Oregon Climber Becomes Disoriented, Prompting Air and Ground Rescue Efforts

by Shelby Scott
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(Photo by: Dukas/Universal Images Group via Getty Images)

An experienced Oregon climber was forced to call 911 for help on Friday when she became disoriented while descending the South Sister peak. The woman had made this same descent multiple times before.

According to KTVZ, the 61-year-old climber, formerly from Bend, OR, had submitted the mountain’s hikers’ trail several times before. She told emergency personnel, after making multiple call attempts, that she’d been hiking alone with her dog. She also said she’d lost contact with her hiking partner as well as the trail she’d become familiar with.

Per the outlet, her 911 calls elicited a search and rescue effort that included an AirLink helicopter. The original call came in at around 4:20 p.m. local time. However, not long after she was patched through, the woman lost contact due to bad cellphone service. Dispatchers tried to make contact with the woman multiple times. They even attempted to track her location, but a lack of signal prevented them from doing so.

Eventually, the woman was able to get through again herself. In doing so, she assured first responders that she did have food, water, warm clothes, and an extra phone battery. The woman also informed responding units that there could be another missing person somewhere else along the mountain trail.

Multiple Search and Rescue Teams Deployed to Locate Missing Climber

While the search for the missing climber proved difficult, the outlet reports the experienced outdoors woman had plenty of rescue teams hunting for her.

Donny Patterson, the Deschutes County sheriff’s deputy and assistant Search and Rescue coordinator, spoke about all of the manpower involved in bringing the climber to safety.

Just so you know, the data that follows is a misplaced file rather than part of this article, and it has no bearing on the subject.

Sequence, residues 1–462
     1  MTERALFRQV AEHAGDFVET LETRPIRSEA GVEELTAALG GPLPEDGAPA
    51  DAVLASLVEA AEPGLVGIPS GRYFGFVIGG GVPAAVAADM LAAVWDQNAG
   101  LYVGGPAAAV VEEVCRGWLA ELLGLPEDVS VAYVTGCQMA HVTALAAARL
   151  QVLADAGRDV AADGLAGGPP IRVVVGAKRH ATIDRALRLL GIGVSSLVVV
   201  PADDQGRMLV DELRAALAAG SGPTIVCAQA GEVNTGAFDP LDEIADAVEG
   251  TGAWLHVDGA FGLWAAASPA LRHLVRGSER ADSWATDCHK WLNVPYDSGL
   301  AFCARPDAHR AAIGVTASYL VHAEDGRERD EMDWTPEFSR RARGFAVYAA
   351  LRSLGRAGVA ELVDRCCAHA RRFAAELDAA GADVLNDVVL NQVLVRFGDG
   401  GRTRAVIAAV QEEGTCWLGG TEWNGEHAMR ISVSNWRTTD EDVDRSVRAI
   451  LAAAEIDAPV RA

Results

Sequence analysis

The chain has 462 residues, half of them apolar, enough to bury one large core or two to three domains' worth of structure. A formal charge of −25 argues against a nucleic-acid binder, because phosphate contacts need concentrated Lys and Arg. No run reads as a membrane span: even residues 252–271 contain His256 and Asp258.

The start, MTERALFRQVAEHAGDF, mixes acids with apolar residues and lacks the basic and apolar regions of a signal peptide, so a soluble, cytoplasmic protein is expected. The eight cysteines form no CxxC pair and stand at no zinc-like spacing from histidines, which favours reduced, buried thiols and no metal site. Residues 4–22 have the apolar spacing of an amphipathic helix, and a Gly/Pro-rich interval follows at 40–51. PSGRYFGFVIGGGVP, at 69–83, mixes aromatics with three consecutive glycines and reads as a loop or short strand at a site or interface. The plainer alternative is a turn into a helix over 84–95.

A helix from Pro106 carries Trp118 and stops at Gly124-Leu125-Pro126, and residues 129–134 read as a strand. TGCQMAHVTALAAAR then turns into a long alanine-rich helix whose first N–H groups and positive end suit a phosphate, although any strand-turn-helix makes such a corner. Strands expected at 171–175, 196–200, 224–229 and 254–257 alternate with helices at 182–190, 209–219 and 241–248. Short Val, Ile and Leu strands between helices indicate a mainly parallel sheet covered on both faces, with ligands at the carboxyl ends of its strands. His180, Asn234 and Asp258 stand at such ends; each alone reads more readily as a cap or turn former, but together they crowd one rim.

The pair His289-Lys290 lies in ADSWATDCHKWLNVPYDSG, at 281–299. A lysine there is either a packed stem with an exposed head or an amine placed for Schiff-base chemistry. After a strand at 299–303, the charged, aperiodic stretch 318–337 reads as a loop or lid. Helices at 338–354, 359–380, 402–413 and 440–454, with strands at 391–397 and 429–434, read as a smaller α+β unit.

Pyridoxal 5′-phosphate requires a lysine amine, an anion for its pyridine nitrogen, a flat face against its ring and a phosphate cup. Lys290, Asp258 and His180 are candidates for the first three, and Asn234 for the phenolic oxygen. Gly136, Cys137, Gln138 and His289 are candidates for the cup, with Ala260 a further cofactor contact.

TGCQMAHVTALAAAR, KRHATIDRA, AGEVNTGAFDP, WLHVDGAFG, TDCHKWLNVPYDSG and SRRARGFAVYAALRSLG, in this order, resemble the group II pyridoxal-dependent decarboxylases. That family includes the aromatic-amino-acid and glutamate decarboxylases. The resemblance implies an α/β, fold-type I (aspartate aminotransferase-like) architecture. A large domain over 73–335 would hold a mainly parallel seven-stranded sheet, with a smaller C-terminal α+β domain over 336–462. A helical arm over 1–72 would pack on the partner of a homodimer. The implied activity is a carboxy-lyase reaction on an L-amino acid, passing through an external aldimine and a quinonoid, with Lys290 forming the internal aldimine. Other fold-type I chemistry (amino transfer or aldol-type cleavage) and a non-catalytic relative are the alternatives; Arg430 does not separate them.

After the 911 call came in, followed by multiple failed attempts, the Deschutes County Sheriff’s Office sent out multiple teams. According to the outlet, the full effort included 12 search and rescue volunteers, a sergeant, and two Special Services deputies. Dispatchers also reached out to AirLink who responded and volunteered to search for the missing woman from the air.

The AirLink crew eventually spotted the woman, sending ground teams her coordinates. Per the outlet, rescuers reached the woman around 8:15 p.m. and walked her down the trail and out of the area. She was also reunited with her partner at the Devils Lake Trailhead.

For an experienced climber like the one summiting South Sister, getting lost in that manner certainly had to be scary. After she was found safe, she told search and rescue teams that she had lived in Bend for 17 years and had summited that same peak a dozen times. Unfortunately, she could not recall how she lost the familiar trail, though she did suggest that perhaps she had confused a spur trail for the main trail.

South Sister is a 10,358-foot peak and represents the third tallest mountain in the state.

Outsider.com